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Splash & Go writes:
"Why Indy Part 2"
Posted by Uptight Motorsports Nerd on May 31, 2012
Viewed 268 times


It is no secret that the landscape of American automobile makers has changed in the last hundred years. If the Brickyard were to be built today, it would probably be a lot closer to Detroit. Of course if you did build a low-banked 2.5-mile rectangle in Detroit today, no one would care.

I'm not basing that on CART alone. Between 1909 and 1950 there were just three ovals that were both longer than 1 mile and paved: Indianapolis, Brooklands, and Monza. Darlington was built in 1950 and the Milwaukee Mile was not paved until 1954. Brooklands has been idle since 1939, and Monza's banking appears to be for display purposes only. In those 41 years (save for a couple of World Wars) the Indianapolis 500 became 'the' race. That sets a benchmark by which all other races are to be measured. Did you think it was a coincidence that Indianapolis and Daytona are the same size?

If the Brickyard itself were built today, it would certainly be in Detroit and no one would care. Assuming we have a parallel universe where Indianapolis Motor Speedway doesn't exist and everything else stayed the same, a 500 mile race at a rectangle in Detroit sounds pretty dumb. Aside from being a declining market, the Big Three have their own private test tracks in remote areas, and have no use for a big rectangle everyone can see.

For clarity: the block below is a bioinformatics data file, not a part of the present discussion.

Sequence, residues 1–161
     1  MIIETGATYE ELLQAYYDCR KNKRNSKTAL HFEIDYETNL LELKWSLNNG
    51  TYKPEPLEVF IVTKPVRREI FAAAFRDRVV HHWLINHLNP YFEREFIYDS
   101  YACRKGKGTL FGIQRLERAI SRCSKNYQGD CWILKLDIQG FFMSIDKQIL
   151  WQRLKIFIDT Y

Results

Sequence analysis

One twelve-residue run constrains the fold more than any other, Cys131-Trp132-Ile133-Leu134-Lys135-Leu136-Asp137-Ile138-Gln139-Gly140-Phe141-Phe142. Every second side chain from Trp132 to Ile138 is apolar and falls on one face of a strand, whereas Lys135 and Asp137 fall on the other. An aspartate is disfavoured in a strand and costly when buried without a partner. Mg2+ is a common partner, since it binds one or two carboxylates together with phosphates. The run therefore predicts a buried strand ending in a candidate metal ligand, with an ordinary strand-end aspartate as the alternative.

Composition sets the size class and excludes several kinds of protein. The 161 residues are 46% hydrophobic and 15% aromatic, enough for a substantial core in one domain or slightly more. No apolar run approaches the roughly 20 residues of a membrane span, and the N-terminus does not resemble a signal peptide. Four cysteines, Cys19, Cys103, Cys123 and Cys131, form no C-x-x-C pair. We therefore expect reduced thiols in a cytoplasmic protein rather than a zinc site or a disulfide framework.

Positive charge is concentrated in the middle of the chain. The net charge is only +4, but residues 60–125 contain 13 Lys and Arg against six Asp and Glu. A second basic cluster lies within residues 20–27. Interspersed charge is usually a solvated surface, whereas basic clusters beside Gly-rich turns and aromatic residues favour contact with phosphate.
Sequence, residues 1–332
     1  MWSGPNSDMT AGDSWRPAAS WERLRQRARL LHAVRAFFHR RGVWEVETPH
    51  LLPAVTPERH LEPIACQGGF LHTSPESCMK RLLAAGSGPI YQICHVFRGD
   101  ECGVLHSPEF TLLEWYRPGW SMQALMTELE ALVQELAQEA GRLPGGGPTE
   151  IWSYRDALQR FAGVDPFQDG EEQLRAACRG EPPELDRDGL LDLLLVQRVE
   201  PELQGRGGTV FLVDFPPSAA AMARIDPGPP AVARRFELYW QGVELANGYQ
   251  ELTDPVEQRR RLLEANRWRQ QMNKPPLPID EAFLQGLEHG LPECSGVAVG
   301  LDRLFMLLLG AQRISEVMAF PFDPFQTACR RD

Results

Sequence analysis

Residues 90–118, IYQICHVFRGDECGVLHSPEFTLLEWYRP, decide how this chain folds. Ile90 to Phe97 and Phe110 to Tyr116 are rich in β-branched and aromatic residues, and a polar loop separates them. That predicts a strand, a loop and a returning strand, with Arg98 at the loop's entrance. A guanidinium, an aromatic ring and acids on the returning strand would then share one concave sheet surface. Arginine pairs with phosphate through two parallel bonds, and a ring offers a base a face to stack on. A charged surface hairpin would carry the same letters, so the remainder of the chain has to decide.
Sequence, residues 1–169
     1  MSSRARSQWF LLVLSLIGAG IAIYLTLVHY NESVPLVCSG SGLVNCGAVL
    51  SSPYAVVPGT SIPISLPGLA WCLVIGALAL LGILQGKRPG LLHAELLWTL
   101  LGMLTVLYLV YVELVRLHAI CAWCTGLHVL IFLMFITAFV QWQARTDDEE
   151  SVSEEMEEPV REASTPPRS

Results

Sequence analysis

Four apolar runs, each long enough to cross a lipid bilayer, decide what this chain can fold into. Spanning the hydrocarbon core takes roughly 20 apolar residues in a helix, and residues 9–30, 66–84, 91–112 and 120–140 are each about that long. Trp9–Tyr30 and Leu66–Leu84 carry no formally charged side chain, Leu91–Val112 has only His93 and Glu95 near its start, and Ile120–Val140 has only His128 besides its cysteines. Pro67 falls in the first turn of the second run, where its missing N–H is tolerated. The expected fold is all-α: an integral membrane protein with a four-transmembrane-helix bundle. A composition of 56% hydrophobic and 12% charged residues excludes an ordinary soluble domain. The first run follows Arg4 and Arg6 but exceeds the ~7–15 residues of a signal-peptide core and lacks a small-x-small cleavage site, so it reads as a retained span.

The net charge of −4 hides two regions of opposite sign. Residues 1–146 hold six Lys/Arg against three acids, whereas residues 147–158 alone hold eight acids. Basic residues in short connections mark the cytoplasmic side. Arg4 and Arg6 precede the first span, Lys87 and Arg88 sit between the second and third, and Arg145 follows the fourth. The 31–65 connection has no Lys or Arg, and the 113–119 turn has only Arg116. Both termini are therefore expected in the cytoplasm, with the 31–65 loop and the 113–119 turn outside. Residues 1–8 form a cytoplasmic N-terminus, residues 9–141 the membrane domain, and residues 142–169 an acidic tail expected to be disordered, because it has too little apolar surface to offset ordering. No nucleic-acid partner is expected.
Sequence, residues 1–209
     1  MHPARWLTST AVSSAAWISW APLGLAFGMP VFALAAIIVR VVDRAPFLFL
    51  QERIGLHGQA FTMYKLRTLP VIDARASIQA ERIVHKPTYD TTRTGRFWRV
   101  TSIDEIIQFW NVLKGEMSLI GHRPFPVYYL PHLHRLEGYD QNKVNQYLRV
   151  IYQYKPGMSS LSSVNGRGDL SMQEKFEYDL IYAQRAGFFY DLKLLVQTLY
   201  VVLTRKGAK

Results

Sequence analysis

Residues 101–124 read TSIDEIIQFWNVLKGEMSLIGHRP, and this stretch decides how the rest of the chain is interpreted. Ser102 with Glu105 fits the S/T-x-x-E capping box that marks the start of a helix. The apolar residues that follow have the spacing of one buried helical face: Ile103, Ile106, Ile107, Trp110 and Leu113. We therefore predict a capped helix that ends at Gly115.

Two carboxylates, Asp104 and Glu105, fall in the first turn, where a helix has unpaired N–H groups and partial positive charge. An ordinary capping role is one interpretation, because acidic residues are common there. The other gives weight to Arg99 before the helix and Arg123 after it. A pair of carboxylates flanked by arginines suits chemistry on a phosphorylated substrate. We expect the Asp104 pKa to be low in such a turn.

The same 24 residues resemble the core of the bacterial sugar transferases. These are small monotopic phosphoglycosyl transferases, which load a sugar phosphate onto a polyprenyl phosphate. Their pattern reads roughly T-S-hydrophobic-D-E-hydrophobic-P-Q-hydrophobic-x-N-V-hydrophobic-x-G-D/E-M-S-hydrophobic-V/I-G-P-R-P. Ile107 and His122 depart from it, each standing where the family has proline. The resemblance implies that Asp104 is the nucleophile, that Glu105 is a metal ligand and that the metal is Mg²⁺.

Those 41ish years play a huge role in the Brickyard's identity. All that time spent as 'the' race has made it a pop-culture staple. You don't have to know anything about racing to know that the Indy 500 is one of the year's biggest races. You also don't have to know anything about science fiction to know Darth Vader is an asthmatic villain. You don't have to read (or watch movies based on) Moby Dick to know Captain Ahab is interested in hunting whales.

Cultural events like these do not fade into obscurity overnight. IndyCar racing itself has been to Hell and back, but the 500 got along for the better part of a century before Tony George came along and it will possibly go on for another century. Despite the faded luster, there is still one interesting point that shows the value of Indy: Matt Kenseth is the 2012 Daytona 500 'Winner,' but Dario Franchitti is the 2012 Indianapolis 500 'Champion.'

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